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story.lead_photo.caption NWA DEMOCRAT-GAZETTE/TRACY M. NEAL Participants in the Benton County Sheriff's Office's PAL program's junior police academy play dodge ball Friday with deputies and volunteers. The children spent the five days of the academy learning about law enforcement and their job.

BENTONVILLE -- Ten-year-old Marielle Short enjoyed learning how to protect herself at the Benton County Sheriff's Office's Police Athletic League junior police academy.

Short was one of the 47 participants that spent time with sheriff's deputies and volunteers at the free five-day academy that ended Friday.

Marielle said her favorite time of the week was when deputies showed them how to protect themselves from being abducted. Marielle and the other participants demonstrated Friday morning what they learned in the classroom.

The children had to fight off -- punch, kick or yell -- as they encountered a possible abductor.

"It was really fun," Marielle said. "I slid on the basketball court and got court burn on my leg."

Pyper Veith, 8, said she especially loved playing dodge ball each day with the deputies and volunteers. Pyper said she learned about the dangers of drinking and driving.

Ella Kay, a 13-year-old volunteer, said she liked helping "the kids" and the community.

Her grandfather, Mark Pitts, recently retired as a deputy from the Sheriff's Office and also volunteered his time at the academy. Pitts said this was the first year he spent all five days helping with the academy and he enjoyed spending time with the children.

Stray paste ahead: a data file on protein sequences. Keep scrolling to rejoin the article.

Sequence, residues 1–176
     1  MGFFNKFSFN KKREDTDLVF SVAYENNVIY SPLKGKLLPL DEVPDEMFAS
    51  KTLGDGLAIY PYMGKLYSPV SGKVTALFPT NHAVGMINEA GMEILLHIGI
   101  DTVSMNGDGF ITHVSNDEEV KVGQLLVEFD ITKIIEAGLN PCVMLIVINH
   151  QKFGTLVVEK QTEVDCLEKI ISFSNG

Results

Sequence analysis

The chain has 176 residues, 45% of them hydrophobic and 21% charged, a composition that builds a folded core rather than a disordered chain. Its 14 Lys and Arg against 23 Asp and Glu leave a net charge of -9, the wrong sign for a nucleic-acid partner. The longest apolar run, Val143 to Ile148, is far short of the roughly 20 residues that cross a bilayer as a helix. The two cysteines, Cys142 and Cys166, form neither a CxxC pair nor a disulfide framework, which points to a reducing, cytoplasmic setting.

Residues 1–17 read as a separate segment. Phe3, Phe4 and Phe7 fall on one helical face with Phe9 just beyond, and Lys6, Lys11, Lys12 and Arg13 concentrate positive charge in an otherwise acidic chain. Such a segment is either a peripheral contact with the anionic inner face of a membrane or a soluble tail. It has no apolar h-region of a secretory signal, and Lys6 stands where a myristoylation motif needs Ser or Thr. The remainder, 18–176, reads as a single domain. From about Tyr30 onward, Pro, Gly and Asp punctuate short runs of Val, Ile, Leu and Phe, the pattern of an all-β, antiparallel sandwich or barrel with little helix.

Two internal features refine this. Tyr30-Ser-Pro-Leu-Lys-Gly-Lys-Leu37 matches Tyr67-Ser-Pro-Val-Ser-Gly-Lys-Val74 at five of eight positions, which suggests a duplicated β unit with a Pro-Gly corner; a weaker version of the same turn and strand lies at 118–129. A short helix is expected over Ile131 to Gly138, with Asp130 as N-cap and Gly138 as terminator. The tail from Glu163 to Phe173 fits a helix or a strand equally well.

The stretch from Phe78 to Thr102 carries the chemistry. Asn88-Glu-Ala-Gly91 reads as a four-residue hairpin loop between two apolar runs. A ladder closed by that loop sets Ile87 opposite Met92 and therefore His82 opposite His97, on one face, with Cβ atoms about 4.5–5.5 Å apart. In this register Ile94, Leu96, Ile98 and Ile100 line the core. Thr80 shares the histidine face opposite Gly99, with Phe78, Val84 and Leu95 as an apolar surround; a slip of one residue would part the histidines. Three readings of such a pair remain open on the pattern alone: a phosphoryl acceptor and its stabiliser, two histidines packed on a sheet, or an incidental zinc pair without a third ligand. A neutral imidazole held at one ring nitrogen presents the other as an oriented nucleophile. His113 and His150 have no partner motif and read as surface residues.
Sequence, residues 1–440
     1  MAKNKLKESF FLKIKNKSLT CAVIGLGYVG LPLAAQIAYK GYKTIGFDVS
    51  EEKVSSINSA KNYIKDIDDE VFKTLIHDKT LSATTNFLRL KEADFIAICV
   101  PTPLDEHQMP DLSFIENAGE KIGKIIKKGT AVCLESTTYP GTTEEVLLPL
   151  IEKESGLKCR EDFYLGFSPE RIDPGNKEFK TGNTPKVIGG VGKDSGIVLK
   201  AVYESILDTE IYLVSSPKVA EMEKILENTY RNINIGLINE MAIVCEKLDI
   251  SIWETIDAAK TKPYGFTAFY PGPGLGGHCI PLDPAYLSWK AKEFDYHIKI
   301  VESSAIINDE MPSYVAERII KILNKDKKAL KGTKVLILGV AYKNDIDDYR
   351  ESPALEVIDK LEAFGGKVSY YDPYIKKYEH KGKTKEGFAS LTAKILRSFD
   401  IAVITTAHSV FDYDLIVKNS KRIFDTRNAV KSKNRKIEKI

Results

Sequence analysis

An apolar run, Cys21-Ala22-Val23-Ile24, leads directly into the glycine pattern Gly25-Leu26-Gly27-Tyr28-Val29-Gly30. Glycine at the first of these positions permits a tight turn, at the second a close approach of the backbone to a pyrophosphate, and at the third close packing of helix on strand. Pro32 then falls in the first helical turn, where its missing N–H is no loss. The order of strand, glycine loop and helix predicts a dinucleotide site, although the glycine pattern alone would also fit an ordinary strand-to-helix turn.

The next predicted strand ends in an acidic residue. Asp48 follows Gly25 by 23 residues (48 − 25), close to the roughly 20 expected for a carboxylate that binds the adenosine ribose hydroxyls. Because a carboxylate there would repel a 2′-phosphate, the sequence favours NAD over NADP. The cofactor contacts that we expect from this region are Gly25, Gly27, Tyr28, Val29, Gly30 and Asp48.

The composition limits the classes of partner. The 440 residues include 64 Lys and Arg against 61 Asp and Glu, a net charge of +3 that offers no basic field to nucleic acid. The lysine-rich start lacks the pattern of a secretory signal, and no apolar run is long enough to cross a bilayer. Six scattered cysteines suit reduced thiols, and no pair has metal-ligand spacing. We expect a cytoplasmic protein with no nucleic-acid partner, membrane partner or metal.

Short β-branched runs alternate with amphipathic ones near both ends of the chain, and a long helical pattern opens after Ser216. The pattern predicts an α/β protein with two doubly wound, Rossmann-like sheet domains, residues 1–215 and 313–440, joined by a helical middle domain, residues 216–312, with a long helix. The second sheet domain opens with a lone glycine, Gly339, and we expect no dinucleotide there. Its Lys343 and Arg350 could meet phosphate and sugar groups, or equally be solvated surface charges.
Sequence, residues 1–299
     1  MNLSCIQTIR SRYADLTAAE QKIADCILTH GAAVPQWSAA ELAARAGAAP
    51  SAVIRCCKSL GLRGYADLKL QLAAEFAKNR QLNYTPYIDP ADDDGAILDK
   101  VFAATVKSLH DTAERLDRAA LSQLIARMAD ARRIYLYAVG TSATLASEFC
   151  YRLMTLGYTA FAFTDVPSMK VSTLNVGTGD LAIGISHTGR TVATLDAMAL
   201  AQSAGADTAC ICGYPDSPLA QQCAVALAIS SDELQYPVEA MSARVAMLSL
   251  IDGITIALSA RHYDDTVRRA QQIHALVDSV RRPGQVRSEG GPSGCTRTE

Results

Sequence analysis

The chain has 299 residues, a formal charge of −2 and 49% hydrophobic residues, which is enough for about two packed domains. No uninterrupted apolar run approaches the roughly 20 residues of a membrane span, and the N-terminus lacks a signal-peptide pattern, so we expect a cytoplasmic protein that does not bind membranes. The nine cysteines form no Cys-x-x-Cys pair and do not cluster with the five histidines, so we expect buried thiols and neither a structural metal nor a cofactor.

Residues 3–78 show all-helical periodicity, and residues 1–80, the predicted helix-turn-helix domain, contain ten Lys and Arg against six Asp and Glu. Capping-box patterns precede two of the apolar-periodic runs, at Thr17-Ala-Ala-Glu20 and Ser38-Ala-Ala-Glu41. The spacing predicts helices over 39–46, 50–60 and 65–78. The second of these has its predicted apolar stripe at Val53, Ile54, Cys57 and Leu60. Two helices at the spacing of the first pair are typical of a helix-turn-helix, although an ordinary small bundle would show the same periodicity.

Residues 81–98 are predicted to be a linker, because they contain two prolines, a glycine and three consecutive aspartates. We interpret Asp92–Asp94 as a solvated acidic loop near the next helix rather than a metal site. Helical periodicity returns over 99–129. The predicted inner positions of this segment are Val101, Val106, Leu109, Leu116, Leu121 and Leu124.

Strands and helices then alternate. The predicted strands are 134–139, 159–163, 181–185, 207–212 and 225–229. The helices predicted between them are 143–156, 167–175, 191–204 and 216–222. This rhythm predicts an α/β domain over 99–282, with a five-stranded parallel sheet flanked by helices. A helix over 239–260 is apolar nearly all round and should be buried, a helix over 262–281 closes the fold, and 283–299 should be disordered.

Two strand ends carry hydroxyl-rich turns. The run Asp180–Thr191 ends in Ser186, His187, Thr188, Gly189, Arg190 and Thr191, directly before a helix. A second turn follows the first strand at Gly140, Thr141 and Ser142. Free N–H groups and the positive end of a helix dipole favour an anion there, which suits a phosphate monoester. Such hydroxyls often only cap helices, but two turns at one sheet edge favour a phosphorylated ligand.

Sammy Vitare, 13, said he enjoyed seeing and learning what happens in the daily lives of police officers. His favorite part of the week was being able to see the Sheriff's Office's SWAT team.

"I just loved the volunteers and the deputies are awesome and very fun," Pyper said.

Nathan Atchison, the vice president of the PAL Board, said most of the 47 children who participated in the academy were recommended by a school counselor.

The PAL program began holding the academies in 2011.

Children spend the week getting a first-hand look at each division at the Sheriff's Office and hear deputies talk about their jobs, Atchison said.

Atchison said it's enjoyable seeing some of the children come out of their shell. They start the week off being timid, but each day their self-confidence grows and they are smiling and interacting with deputies and other children.

Chris Sparks, the president of PAL, said the academy gives children a chance to get to know deputies on a personal level rather than just a person in a uniform.

Neither Sparks nor Atchison works at the Sheriff's Office. Sparks works for Walmart and Atchison is the bailiff for Judge Robin Green.

Both Sparks and Atchison volunteer to help children.

NW News on 06/25/2018

Print Headline: Junior police academy fun experience for children

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